As explained below, there is no original subject matter jurisdiction with respect to most of plaintiffs' claims. This is undisputed. First, it is clear that no federal jurisdiction exists over the claim of the taxpayer plaintiffs under the circumstances alleged here. The taxpayer plaintiffs do not allege that they have suffered actual injury from use of the motorized battering ram or grenade or that they are threatened by such conduct in the future. Thus, they have not demonstrated that each of them "has sustained or is immediately in danger of sustaining some direct injury as a result of its [the statute's] enforcement, and not merely that he suffers in some indefinite way in common with people generally." Doremus v. Board of Educ., 342 U.S. 429, 434, 72 S. Ct. 394, 397, 96 L. Ed. 475 (1952). They have, therefore, failed to demonstrate a sufficient personal stake in the outcome of the suit to support standing. Id. Since the taxpayer plaintiffs have failed to establish a "nexus" between their status as taxpayers and the claim sought to be adjudicated sufficient to assure a personal stake in the outcome of the litigation to satisfy the Article III "case or controversy" requirement, *122 they lack standing to challenge the LAPD's spending for the purposes alleged. Flast v. Cohen, 392 U.S. 83, 102-03, 88 S. Ct. 1942, 1953-54, 20 L. Ed. 2d 947 (1968) (federal taxpayers suit).[1]

The position of the individual plaintiffs with respect to their claim for equitable relief[2] is similarly deficient. City of Los Angeles v. Lyons, 461 U.S. 95, 101-07, 103 S. Ct. 1660, 1664-68, 75 L. Ed. 2d 675 (1983), teaches that Article III power may be invoked only on a showing of a "real and immediate threat" that plaintiffs will again be subjected to such conduct. No such allegation is made here and plaintiffs admit that none can be made in good faith. Thus, there is no case or controversy with respect to the individual plaintiffs' prayer for injunctive relief. Id.[3]

The damage claim of the individual plaintiffs under 42 U.S.C. § 1983, however, is clearly within the original, and thus removal, jurisdiction of the federal courts. 28 U.S.C. §§ 1343(a) (3) & 1441(a) & (b). The question presented, then, is whether § 1441's reference to a "civil action" requires that the entire action be within the court's original jurisdiction in order for the action to be removable. There has been surprisingly little judicial gloss on the term since the 1948 revision of the Judicial Code brought the term into being. I find the view expressed in Charles D. Bonnano Linen Serv., Inc. v. McCarthy, 708 F.2d 1 (1st Cir. 1983), persuasive. The change from the previously existing "any suit" to "any civil action" was cosmetic only and there is no indication of any legislative intent to overrule prior judicial construction of the term under which each cause of action was considered to be a separate suit. Id. at 11. See also Pacific Railroad Removal Cases, 115 U.S. 1, 23, 5 S. Ct. 1113, 1124, 29 L. Ed. 319 (1885) ("suit" under Act of Mar. 3, 1875, 18 Stat. 470). Thus, I conclude that the § 1983 damage claim should be treated as a separate "action" under § 1441(a) & (b); therefore, that it was removable.[4]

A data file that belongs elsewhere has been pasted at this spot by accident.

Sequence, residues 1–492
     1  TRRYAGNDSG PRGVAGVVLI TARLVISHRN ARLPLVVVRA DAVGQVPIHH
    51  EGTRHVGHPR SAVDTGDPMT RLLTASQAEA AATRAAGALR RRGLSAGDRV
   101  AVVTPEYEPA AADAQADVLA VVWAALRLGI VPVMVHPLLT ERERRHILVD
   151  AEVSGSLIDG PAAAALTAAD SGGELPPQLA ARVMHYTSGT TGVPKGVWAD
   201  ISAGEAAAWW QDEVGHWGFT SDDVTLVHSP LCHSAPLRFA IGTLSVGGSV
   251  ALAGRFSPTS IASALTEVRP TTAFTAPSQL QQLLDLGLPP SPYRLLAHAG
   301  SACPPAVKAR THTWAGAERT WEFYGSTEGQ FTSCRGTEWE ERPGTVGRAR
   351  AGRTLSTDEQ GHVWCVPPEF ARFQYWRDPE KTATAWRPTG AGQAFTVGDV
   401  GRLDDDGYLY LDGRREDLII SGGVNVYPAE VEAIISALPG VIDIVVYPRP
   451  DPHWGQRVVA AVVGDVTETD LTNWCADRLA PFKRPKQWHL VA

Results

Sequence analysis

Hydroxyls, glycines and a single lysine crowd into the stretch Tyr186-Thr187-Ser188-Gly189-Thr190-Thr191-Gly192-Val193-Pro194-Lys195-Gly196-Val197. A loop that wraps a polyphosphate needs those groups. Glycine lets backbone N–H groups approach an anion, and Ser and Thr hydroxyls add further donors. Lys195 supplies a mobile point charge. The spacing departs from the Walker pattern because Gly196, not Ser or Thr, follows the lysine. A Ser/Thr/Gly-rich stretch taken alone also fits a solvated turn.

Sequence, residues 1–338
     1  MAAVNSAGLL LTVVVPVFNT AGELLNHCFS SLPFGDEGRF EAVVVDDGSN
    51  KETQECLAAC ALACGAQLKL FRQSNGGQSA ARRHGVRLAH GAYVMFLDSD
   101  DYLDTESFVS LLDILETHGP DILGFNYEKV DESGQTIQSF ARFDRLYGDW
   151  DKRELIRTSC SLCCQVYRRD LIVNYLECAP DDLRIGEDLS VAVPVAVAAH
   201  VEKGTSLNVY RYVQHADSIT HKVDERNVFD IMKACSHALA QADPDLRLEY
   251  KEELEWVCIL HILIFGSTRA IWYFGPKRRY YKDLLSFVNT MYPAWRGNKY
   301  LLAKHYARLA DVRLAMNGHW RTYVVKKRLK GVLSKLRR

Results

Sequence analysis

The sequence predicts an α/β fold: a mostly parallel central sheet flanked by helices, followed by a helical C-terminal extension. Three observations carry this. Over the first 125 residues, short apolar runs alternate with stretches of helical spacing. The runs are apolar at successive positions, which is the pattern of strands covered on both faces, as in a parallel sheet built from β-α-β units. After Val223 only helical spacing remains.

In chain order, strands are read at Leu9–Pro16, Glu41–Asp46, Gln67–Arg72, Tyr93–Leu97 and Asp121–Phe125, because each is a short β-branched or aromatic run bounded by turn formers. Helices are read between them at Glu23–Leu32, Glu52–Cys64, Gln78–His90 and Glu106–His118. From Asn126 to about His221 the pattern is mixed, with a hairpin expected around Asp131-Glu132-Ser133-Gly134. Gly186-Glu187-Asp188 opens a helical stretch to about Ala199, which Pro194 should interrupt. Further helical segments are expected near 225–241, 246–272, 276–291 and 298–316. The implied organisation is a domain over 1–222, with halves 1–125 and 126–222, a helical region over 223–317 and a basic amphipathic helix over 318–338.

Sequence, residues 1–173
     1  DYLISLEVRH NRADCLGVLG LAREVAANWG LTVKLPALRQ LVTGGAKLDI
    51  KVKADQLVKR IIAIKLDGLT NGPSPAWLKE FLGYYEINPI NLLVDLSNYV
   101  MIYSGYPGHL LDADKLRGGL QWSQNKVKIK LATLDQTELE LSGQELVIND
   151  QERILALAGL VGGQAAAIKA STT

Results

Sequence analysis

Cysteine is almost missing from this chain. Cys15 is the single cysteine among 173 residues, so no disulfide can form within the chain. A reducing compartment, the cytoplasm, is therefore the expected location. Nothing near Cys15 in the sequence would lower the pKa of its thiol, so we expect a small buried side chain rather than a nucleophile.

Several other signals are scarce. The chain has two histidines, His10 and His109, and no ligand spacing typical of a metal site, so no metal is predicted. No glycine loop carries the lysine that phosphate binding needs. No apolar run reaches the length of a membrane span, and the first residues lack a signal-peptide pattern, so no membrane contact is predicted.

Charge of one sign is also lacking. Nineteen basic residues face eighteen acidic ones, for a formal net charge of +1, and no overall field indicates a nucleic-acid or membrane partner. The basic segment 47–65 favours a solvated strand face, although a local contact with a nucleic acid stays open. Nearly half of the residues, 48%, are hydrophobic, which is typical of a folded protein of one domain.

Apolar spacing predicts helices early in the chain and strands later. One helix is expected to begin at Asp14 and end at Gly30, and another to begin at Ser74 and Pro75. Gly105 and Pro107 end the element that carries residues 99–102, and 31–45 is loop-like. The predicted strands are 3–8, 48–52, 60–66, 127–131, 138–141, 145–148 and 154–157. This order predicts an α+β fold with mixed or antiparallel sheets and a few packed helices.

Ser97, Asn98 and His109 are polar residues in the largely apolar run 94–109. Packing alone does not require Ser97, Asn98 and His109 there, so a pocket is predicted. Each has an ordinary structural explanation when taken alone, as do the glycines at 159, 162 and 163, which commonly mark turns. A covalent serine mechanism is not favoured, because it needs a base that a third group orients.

As noted, defendants have moved to dismiss all equitable claims. They contend that the taxpayer plaintiffs' lack of standing under Doremus and the individual plaintiffs' lack of standing under Lyons is not jurisdictional, but results in a failure to state a claim. They are mistaken. It is clear that Article III standing "involves ... constitutional limitations on federal-court jurisdiction." Warth v. Seldin, 422 U.S. 490, 498, 95 S. Ct. 2197, 2205, 45 L. Ed. 2d 343 (1975). Therefore, the proper course is *123 remand, not dismissal. California v. Beltz Travel Serv., Inc., 379 F. Supp. 948 (N.D. Cal.1974). Having concluded that all equitable claims should be remanded, it would be improper to address further the motion to dismiss the equitable claims. Pelleport Investors, Inc. v. Budco Quality Theatres, Inc., 741 F.2d 273, 279 n. 3 (9th Cir.1984).